The Boston Foundation’s 17th Greater Boston Housing Report Card, formatted into a webinar series in this pandemic year, presented its third and final research brief on September 23. Alicia Sasser Modestino, Research Director at Northeastern University’s Dukakis Center for Urban and Regional Policy, shared data she had analyzed for a look ahead at what lies on the housing horizon as our region begins an economic recovery after COVID-19.
It’s not a pretty picture. As Modestino outlined, extended and augmented unemployment insurance helped many people through the initial shut-down. Although the public health and economic crisis hit Greater Boston with particular speed and severity owing to the region’s mix of industries and employers and its heavy COVID caseload, most people managed to pay their rent through the spring.
Modestino shared other stats projecting the challenges ahead, including reduced consumer spending, softening of the labor market and the persistence on the books of suspended eviction proceedings, but acknowledged that “the pandemic has only exacerbated pre-existing inequities that have contributed to the lack of housing stability in the Greater Boston region for decades.”
Against that backdrop, Boston Foundation Director of Neighborhoods & Housing Soni Gupta led a conversation among three regional housing pros, who each shared the view from their distinct vantage point. Keith Fairey, CEO of Way Finders, talked about the housing situation in the western part of the state. Unsurprisingly, Franklin, Hampden and Hampshire counties face some of the same housing dynamics as Greater Boston (i.e., high housing costs and low income growth) plus some challenging variations, with more rural areas in the mix, an older population and an economy that still had been lagging from the last crisis. Project Hope Executive Director Christine Dixon shared how her organization has evolved from a small Dorchester shelter 40 years ago to a service provider offering eviction prevention supports to families. Project Hope is also offering other kinds of counseling, including to independent landlords, who themselves are confused about the restrictions of the moratorium and the supports offered to them. Taylor Cain, Director of the Housing Innovation Lab, represented the City of Boston. As her group’s name implies, its goal is to imagine new futures—and even take risks—through a prototype-driven approach to policy that brings all stakeholders in the ecosystem to the conversation. She allowed as how the City is concerned about that snowball effect of rent arears coming due and the ripple effect that will have. Her work, like the others’, attempts to balance the immediacy of the need while keeping longer-term improvements in mind.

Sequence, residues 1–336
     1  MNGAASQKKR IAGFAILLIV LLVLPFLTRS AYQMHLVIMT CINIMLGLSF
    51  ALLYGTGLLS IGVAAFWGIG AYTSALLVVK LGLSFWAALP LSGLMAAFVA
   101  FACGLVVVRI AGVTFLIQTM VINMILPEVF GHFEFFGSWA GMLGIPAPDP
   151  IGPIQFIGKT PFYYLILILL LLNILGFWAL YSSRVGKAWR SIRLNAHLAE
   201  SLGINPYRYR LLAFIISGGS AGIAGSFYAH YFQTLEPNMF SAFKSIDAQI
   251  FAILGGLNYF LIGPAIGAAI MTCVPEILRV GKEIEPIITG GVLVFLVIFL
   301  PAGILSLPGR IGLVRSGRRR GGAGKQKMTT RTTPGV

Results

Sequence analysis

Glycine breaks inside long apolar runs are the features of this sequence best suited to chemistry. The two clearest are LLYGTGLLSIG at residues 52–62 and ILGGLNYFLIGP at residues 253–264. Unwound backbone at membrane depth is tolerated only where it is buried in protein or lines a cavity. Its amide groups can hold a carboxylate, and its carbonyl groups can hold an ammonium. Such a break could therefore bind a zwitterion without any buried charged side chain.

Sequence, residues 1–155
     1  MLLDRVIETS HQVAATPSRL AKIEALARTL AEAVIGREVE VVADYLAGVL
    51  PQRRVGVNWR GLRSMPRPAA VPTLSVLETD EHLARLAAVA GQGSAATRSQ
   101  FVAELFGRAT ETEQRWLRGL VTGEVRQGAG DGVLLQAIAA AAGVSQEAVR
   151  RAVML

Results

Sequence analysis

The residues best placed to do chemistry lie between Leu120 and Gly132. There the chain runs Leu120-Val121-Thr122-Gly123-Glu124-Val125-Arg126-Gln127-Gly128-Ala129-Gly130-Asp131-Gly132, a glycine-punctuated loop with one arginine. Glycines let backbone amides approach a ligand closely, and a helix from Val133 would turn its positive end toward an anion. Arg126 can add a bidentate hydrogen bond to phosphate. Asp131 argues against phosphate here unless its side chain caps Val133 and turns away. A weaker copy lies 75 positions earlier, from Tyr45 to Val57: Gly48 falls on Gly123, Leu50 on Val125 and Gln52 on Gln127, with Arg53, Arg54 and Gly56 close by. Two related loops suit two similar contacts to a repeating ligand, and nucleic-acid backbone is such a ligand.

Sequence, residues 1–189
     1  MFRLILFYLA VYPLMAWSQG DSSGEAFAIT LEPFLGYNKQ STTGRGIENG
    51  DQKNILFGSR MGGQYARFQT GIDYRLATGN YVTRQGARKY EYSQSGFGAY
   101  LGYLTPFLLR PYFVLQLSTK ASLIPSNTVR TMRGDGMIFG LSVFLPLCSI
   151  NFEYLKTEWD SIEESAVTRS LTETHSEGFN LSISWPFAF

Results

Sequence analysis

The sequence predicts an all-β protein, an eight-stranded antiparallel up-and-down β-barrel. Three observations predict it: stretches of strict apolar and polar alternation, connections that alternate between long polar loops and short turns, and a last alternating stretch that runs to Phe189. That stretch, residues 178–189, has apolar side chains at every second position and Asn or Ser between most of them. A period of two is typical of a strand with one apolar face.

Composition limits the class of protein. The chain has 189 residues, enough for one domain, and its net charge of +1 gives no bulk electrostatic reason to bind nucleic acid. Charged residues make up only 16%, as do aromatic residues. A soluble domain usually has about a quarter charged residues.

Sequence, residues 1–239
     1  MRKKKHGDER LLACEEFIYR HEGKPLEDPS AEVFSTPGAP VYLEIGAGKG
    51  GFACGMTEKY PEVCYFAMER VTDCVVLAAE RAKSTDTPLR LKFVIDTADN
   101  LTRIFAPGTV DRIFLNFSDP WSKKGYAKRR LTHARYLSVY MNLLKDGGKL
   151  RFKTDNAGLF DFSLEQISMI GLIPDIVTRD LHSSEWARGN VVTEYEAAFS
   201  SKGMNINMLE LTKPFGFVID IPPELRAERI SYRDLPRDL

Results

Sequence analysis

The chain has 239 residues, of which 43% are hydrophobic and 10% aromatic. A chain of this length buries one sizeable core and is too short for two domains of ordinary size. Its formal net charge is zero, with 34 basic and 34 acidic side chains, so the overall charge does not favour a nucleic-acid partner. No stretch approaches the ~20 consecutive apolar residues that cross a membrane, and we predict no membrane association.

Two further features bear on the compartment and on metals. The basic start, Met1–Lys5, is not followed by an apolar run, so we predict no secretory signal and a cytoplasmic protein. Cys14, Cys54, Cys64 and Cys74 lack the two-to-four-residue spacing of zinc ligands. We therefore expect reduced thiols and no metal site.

Indeed, in introducing the morning’s event, Boston Foundation CEO Paul Grogan had pointed out the Foundation’s drive to solve more than the present exigency. “The housing situation was already an emergency,” he said, “and a threat to Boston’s continued economic vitality. We started in a bad place and things got progressively worse with the pandemic. We have to accept the challenge and respond with a much larger commitment. And we can hope that this challenge will yield greater creativity in problem-solving opportunities.”
That spirit is why the research brief at the heart of the discussion was titled Back to Better. There are parts of “normal” no one wants to return to. Researcher Modestino offered these recommendations as a starting place.
1. Protect the most vulnerable renters from housing disruption
2. Support low-income households before they have trouble making payments
3. Make housing more affordable and accessible
None of these are simple, but with leaders like the panelists gathered at this event, and the will of concerned residents in the Commonwealth, there is cause for hope.